How to Make a Mix and Match Swimsuit with Fill-A-Yard

MAY 25, 2020 updated Jul 22, 2021

‘Tis the season for handmade swimsuits! Whether it’s a trip to your local beach or backyard kiddie pool, there’s no wrong way to soak up some sun when you’re wearing a me-made suit. Want to sweeten the deal? Make it a mix-and-match suit like Wilmington, North Carolina based sewist Morgan Sitton. See how Morgan made four different swimsuits (with eight total mix-and-match combinations!) for her growing family using two yards of Sport Lycra and the Fill-A-Yard® Cheater Quilt template,

Featured design: Bone Stripes on Red Rust

Morgan: This swimwear project comes on the heels of a very similar project I completed last summer for our son Fletcher, aka Biscuit boy. I had a vision for versatile swimwear that could offer full sun coverage when necessary, less coverage in shadier situations, and could coordinate without being super matchy-matchy. We’re a bunch of water babies so I knew I wanted more than just one option for when things needed to be laundered, but also didn’t want to spend big money on items I knew I could make myself. I turned to Spoonflower for their unique designs (and because I grew up 20 minutes from their manufacturing facility—makes me proud!) and settled on a solid and sea creature theme that believe it or not, still generally fits our chunky now 30 pound toddler!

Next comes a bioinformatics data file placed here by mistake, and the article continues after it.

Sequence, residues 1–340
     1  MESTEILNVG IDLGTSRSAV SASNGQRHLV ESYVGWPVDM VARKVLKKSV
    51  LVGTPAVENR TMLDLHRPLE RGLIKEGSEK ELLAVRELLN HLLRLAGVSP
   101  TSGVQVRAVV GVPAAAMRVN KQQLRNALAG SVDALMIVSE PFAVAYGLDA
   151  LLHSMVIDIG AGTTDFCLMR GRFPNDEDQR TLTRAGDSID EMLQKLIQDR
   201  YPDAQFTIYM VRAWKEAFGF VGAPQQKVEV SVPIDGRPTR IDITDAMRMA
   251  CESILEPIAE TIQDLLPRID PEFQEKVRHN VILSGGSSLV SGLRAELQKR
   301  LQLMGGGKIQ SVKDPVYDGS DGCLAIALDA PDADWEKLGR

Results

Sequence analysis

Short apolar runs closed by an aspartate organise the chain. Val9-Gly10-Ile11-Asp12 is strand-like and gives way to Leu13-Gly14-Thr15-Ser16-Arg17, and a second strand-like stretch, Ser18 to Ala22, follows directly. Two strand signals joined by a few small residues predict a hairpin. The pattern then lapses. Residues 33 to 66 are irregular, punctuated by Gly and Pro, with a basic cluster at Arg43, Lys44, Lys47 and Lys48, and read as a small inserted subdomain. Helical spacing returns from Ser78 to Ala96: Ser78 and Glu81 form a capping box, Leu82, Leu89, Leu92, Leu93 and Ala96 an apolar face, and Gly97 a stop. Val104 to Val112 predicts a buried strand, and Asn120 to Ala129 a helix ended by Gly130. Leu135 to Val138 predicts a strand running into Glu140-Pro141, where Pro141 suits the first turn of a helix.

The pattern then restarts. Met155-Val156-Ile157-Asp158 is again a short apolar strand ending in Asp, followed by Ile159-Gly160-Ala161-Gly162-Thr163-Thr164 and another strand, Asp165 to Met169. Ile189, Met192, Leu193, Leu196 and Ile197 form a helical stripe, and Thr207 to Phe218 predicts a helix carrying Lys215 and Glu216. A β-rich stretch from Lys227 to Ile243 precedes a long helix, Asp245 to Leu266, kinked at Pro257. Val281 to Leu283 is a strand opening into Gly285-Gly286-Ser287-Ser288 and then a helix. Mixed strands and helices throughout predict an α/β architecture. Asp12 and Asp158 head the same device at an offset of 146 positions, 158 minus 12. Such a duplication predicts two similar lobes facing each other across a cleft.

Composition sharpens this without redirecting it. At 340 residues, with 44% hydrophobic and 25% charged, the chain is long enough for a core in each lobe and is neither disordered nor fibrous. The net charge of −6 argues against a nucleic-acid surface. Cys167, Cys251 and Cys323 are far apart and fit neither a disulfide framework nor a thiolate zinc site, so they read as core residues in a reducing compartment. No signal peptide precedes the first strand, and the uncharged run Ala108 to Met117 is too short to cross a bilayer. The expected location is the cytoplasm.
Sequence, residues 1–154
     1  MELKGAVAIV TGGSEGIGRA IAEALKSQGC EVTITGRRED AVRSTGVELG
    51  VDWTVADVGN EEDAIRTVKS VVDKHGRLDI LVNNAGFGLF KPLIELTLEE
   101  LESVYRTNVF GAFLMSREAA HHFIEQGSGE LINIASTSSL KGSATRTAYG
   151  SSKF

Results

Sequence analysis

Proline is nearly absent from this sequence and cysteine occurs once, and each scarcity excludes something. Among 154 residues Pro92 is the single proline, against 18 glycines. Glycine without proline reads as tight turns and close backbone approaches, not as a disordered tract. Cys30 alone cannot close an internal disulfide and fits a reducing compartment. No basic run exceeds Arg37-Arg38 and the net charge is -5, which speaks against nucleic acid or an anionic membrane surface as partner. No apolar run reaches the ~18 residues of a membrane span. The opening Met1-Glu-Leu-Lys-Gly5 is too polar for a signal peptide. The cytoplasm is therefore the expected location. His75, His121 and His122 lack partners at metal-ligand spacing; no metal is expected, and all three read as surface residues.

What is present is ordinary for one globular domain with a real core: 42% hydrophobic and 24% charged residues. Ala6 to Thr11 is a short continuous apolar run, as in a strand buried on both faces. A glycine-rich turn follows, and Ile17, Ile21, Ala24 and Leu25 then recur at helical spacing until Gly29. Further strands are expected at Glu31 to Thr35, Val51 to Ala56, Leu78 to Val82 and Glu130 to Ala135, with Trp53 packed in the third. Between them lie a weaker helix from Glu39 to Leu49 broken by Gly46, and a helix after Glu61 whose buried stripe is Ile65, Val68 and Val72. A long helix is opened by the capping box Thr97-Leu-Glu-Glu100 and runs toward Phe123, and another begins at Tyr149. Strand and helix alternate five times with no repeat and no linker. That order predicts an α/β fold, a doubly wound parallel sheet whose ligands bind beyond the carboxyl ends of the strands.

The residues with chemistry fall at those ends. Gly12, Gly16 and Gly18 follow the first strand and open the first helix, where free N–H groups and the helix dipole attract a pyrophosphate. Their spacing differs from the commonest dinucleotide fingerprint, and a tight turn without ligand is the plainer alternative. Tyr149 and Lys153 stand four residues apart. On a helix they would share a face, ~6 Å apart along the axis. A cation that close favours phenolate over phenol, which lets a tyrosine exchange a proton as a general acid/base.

Featured designs: Gray Green by erin__kendal and Shark by katherine_quinn

This year I declared that making the season’s swimwear would be a new “to-do by Easter” tradition and I’d document the ins and outs of the design selection, printing process, sewing pattern choice, and eventually the final products! I have a passion for reducing textile waste in the form of sewing worn out or unwanted clothing into new clothes for kiddos + babies, and Spoonflower’s goal to only produce what’s needed speaks to my sustainable soul. I highly recommend anyone interested in their on-demand, sustainable, water-based printing process do a little research via their site.

With our second babe on the way I was even more excited then before to find designs and colors that could coordinate while also checking the above-mentioned boxes. I quickly settled on four designs by Erin Kendal because she has so many easy-to-coordinate options also available in more than one color!

Since each swimsuit pattern (more on that below!) didn’t require a full yard of each design I chose to use the 2 Yard Cheater Quilt Fill-A-Yard template. This allowed me to print four different designs on two yards of Sport Lycra, the perfect choice for swimwear. I knew I’d be challenging myself with the stripes being a directional design but felt up for the challenge. When setting up the Fill-A-Yard project, I made sure the two rust designs were touching and the two mustard designs were touching just in case I needed to squeeze parts of pattern pieces out of the “wrong” design. Spoiler alert: I did.

Don’t miss these top tips for making the most of Fill-A-Yard!

Before and after cutting out my pattern pieces.